Wednesday, May 16, 2012


“My question is where does this stop?”

Marriage Laws
Kansas is the latest front in the culture wars. As of late, the left has decided that people really do like their positions on abortion, homosexuality, and so on, and have been pushing their social agenda pretty hard in an election year. As a Democratic Party strategist said on Tameron Hall's MSNBC show President Bush in 2004 talked about "gay marriage, gay marriage all day long," so turn about is fair play. Clearly the man is historically challenged, but that's their strategy right now and they think its a winner.

In Hutchison City Kansas, they passed an anti-discrimination ordinance which covered sexual preference and included churches:
However, the measure was scaled back in an effort to win enough votes for passage. The revisions to the ordinance will only prohibit firings or evictions based on their sexual orientation, while a provision was cut that also would have guaranteed access to public places, such as churches.

As it stands, churches that don't make their facilities available to the public would not be affected by the new measures, and it would not cover same-sex marriages, which are illegal in Kansas.
“Same-sex marriage is banned in the Kansas Constitution, so let’s clear that up right away,” [Thomas Witt, executive director of the Kansas Equality Coalition] said. “You’re not going to see gay marriage in the anti-gay churches of Hutchinson, it’s a ludicrous notion. People are not bothering to educate themselves on what the law actually says or are outright lying.”
Now, aside from the anti-war Democratic Party voting Westboro Baptist Church I don't know of a single church in America that would bar its doors to someone based on their sin. That's sort of what churches exist for: to accept sinners through its doors, otherwise it would be empty. However, there are parts of this report which are not exactly factual.

It is true that Kansas is one of the 32 states which by a large margin voted to ban homosexual "marriage" so they are not legally recognized anywhere in the state. However, this ordinance would cover these events were they legal. The ordinance says nothing about the constitutional amendment or Kansas law one way or another. So it is false to claim the ordinance would not require churches to perform homosexual "marriages."

In truth, it actually would do so, were the constitutional amendment not in place. And once the Defense of Marriage Act is removed from federal law, then the "full faith and credit" clause of the US Constitution will almost certainly be used to force other states to recognize homosexual "marriages," and it is almost inevitable that a supreme court case will declare all constitutional amendments to ban these events will be declared null and void, because they violate the constitution.

In which case, the ordinance will require churches to recognize and perform these ceremonies. The alternative scenario of course is that civil unions are created and nationally mandated, then the governments will start only recognizing these unions, making church-based weddings a ceremony with no official recognition or benefit.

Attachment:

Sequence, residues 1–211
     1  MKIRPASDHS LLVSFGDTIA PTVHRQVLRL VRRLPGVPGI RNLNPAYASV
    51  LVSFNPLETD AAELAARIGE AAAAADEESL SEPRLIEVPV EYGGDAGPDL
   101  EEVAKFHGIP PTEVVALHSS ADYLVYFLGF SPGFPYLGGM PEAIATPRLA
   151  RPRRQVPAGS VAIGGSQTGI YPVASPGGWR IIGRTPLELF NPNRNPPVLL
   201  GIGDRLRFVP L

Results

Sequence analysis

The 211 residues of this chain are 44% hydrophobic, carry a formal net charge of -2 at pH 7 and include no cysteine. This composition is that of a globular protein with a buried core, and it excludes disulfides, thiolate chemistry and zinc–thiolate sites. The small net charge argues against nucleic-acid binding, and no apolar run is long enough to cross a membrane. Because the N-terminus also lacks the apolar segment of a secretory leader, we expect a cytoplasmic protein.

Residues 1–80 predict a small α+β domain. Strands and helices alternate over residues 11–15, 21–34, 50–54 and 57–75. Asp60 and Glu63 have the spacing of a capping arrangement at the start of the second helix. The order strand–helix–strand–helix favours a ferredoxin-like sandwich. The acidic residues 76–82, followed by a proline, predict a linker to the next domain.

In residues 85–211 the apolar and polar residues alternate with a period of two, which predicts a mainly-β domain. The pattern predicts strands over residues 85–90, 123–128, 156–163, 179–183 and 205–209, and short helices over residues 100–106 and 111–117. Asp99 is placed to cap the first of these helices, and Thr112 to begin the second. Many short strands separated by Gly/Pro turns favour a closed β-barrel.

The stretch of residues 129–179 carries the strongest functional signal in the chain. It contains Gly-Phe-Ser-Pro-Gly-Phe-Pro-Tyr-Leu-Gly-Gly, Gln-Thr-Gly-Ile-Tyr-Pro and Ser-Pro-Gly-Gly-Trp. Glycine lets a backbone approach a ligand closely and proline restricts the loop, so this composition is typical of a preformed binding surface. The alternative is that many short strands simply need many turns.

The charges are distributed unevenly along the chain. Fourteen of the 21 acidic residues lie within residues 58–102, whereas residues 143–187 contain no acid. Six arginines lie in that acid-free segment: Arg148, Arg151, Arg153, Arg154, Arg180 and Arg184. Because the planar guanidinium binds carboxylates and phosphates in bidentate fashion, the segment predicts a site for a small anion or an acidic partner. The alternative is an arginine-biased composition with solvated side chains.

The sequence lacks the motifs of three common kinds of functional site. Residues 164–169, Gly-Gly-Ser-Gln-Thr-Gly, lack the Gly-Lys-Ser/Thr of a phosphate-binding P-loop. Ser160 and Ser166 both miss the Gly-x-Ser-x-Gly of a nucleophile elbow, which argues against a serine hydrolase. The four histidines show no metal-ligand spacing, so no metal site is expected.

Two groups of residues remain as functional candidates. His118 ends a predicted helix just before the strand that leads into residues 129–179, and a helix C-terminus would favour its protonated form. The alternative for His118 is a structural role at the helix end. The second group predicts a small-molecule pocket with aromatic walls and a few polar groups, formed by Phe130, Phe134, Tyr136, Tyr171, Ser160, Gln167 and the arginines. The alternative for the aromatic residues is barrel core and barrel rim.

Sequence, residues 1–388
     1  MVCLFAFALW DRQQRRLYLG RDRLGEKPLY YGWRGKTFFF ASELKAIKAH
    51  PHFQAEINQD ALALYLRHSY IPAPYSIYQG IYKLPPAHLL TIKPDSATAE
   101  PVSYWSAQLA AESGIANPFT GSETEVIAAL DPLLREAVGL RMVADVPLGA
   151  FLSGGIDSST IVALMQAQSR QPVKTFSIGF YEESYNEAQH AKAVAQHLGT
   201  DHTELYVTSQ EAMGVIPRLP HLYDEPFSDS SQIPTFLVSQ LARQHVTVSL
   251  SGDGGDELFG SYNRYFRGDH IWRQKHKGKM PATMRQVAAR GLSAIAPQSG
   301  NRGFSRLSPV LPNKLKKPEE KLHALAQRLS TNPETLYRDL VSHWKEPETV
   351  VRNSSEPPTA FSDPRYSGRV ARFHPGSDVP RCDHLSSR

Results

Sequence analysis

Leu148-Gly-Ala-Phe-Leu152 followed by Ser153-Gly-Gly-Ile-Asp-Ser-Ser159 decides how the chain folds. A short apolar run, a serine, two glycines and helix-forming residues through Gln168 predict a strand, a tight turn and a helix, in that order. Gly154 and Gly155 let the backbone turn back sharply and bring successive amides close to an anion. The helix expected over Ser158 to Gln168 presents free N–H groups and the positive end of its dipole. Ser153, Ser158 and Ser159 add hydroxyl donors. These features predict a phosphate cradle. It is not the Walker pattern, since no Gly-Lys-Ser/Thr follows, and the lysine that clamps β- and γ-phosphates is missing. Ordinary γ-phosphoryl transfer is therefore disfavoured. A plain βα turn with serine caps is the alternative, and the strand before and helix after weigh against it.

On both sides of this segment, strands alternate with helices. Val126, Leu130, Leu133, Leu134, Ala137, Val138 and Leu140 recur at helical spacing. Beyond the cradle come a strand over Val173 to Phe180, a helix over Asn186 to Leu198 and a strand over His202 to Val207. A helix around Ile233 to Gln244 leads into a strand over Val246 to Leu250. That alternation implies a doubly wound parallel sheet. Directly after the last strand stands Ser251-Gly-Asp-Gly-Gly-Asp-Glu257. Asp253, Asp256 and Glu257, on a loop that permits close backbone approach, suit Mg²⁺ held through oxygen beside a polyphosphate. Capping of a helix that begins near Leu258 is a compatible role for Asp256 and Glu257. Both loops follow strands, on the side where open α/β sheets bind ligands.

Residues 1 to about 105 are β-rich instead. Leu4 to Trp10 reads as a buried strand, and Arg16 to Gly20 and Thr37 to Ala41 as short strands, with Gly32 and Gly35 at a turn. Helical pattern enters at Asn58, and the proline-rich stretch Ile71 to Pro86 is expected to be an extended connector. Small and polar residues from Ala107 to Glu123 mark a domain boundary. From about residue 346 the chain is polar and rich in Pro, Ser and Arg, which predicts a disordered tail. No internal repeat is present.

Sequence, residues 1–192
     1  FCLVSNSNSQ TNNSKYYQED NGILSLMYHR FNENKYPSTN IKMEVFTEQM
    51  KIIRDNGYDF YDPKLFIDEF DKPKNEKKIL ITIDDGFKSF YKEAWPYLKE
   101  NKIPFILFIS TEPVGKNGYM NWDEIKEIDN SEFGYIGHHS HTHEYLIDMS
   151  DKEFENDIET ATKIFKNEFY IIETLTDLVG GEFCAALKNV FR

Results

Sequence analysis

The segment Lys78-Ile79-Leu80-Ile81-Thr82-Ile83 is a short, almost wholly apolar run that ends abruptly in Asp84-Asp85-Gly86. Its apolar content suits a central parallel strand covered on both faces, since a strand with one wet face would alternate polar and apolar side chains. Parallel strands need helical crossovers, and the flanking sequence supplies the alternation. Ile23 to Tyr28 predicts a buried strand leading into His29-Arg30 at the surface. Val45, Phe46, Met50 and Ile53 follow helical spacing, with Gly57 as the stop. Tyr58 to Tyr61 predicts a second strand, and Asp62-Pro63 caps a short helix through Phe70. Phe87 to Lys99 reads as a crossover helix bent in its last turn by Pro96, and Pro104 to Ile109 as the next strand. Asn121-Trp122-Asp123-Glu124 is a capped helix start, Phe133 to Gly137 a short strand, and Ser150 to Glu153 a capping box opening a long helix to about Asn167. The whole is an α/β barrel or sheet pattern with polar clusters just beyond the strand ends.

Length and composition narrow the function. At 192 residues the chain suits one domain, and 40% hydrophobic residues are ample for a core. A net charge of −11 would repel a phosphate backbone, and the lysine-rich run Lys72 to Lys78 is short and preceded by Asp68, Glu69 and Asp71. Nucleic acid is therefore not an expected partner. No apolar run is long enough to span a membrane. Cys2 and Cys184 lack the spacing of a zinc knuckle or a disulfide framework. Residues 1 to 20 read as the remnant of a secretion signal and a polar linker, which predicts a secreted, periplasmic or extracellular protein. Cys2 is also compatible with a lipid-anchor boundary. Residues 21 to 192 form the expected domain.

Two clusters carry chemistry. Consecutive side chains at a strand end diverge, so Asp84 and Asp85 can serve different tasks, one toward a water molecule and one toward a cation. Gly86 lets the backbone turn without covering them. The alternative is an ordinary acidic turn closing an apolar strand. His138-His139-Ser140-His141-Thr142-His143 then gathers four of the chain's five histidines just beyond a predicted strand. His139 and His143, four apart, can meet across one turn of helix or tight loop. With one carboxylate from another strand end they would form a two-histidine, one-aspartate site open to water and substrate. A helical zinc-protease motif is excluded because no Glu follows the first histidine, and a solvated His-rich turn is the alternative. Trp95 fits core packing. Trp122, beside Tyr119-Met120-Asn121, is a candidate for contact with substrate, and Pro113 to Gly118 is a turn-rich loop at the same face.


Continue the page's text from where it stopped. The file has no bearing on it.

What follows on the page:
Of course, the nation could come to its senses before then and stop all this. At Volokh Conspiracy, Jonathan Adler asked a good question: If same-sex marriage is so popular, why does it lose at the polls? As I noted above, 32 states now have passed amendments to their constitution or laws which define marriage as being one man, one woman. They did so by large margins; even the state of California, one of the most leftist in the union, passed a constitutional amendment of this kind.

Yet if you ask a poll about it, why it seems like everyone is fine with homosexual "marriage!" So why the discrepancy? The truth is, it is estimated that President Obama's "I like gay marriage" statement gave him a bump in likely voters by 13%, but a loss of 26% - double his gain. So there's some evidence that despite the young hip internet crowd's overwhelming support on this topic (and spite toward anyone who even questions it), America as a whole isn't particularly for it.

The thing is, many times in the past I've seen or heard people ask "how could we have gotten here??" on various topics. How did the government get so big. Why does it take a $300 license to be an interior designer? How did it become okay for kids to dress like prostitutes?

And the answer is always "like a frog in a pot of water." Little by little, small things were allowed, because they weren't worth fighting over, they were too small, they were passed by because you'd seem like an entrenched curmudgeon for opposing them. Small bills, little ordinances, shifts in society and culture, the little things that add up slowly until they turn into a mountain. It doesn't happen over night. It happens in little ways like this.

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